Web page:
The ultrasound picture shows stones in the gallbladder along with thickening of the gall bladder wall, which would be consistent with a diagnosis of acute cholecystitis. The thin arrow points towards stones in the gall bladder lumen and the thick arrow shows the acoustic shadows casted by the calcium containing stones. The astericks indicate the thickened wall of the gall bladder. Cholelithiasis along with thickened gallbladder wall and pericholecystic fluid are sonographic evidence to prove the clinical diagnosis of acute cholecystitis.
A 30 year old man presented to the ED after a road traffic accident with dyspnea. A life-saving procedure was performed in the ED. Can you identify the finding on the chest X ray and imagine what the initial problem would have been?
The chest X ray shows a chest tube in situ and some sub cutaneous emphysema on the left side. The man initially presented to the ED with a tension pneumothorax, from the road traffic accident. Urgent left sided chest intubation was done at that time in the ED. A gush of air came out on opening the pleural cavity for chest tube insertion. The patient received regular chest physiotherapy and good analgesia in the hospital. This chest X ray is three days post chest intubation and shows that the lung is completely expanded. The chest tube was subsequently removed as its purpose had been served.
46 year old man with complaint of vague left lower limb pain especially on standing or walking for long time, presented to the surgical outpatients. What is the most likely diagnosis on inspection?
The picture shows varicose veins of the lower limb, one of the common presentations to the surgical outpatients. Varicose veins occur do to incompetence of venous valves. Secondary causes of varicose veins include pelvic masses like pregnancy, fibroid, ovarian tumour etc or pelvic venous abnormality like after pelvic surgery, irradiation or previous DVT.
Complications include eczema, excoriation, phlebitis, lipodermatosclerosis, ulceration or bleeding. Colour Duplex is done to define anatomy and site of incompetence. Treatment options include surgery involving, saphenofemoral or saphenopopliteal junction ligation, stripping of great saphenous vein and stab avulsion. Microsclerotherapy, foam sclerotherapy, endovascular laser therapy or endovenous radiofrequency ablation are other treatment options.
A 60 year old diabetic man presented to the ED with severe right upper quadrant pain associated with nausea. He was clinically septic. After confirmation of diagnosis on USG abdomen he was initially managed conservatively with IV antibiotics. His condition further deteriorated rather than improving during the next 24 hours. Decision was made to perform laparoscopic surgery for definitive treatment of his condition. Can you identify the gangrenous structure in these pictures that were taken during the laparoscopic surgery?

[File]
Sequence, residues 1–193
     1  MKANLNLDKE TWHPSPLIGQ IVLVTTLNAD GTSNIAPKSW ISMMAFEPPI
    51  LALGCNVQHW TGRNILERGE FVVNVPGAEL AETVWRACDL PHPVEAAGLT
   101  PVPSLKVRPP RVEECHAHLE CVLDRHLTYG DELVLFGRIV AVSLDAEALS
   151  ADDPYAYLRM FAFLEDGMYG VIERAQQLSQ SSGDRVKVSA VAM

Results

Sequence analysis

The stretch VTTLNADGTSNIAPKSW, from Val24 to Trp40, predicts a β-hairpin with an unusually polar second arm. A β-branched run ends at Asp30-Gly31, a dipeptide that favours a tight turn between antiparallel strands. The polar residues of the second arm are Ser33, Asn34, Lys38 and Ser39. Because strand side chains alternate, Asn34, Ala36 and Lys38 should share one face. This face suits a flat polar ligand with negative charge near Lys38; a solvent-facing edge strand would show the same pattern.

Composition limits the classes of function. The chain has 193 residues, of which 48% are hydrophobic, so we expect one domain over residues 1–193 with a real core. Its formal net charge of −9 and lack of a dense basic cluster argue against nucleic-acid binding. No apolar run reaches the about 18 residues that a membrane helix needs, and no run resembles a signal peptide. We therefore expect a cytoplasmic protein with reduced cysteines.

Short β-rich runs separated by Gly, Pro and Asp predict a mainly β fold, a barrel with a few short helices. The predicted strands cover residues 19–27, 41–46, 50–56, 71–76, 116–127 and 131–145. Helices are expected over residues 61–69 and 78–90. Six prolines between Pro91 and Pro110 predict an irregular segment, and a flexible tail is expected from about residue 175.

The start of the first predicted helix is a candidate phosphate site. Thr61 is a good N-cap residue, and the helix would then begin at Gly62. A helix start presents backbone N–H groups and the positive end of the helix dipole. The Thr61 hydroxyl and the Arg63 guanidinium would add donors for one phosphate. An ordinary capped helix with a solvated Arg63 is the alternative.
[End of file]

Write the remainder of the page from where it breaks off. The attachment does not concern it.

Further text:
The pictures show a gangrenous gall bladder with the omentum wrapped around it, as seen at laparoscopy. The omentum was separated and cholecystectomy was performed. It was difficult procedure as tissues were very friable and oedematous but it was completed laparoscopically. The patient improved dramatically in a few days after his surgery.
Gallstones can cause acute cholecystitis. Gangrenous gall bladder is the most common complication of acute cholecystitis. It occurs particularly in older people, diabetics and those who delay in seeking medical treatment. These patients present with sepsis along with other signs and symptoms of acute cholecystitis. Perforation can follow leading to pericholecystic abscess or generalized peritonitis. Laparoscopic cholecystectomy has been shown to be safe in the acute stage but if surgery is deemed very high risk, radiology guided percutaneous cholecystostomy can help settle the acute inflammation and definitive surgery can be carried out later on at an elective setting.
A 35 year old lady presented with vague left upper quadrant pain for past 4 -5 months. A mass was palpable in the left hypochondrial region. She gives history of blunt abdominal trauma 6 year ago. No intervention was required at that time. CT abdomen was done to investigate the palpable mass. Can you identify the finding on CT images?
The axial and coronal sections on CT scan demonstrate a large calcified splenic cyst, most likely traumatic in nature. Splenic cysts are rare. Only 25% are non parasitic. Of these, about 80% are secondary to trauma. They mostly present as an incidental finding or with non specific symptoms due to mass effect such as vague abdominal pain, shoulder tip pain, hydronephrosis, reflux symptoms or palpable lump in the left upper quadrant. Splenic cysts greater than 5 cm and causing symptoms may require surgery. Surgical options include partial or total splenectomy, cystectomy, decapsulation or fenestration of cyst. Laparoscopic approach is favorable if expertise is available.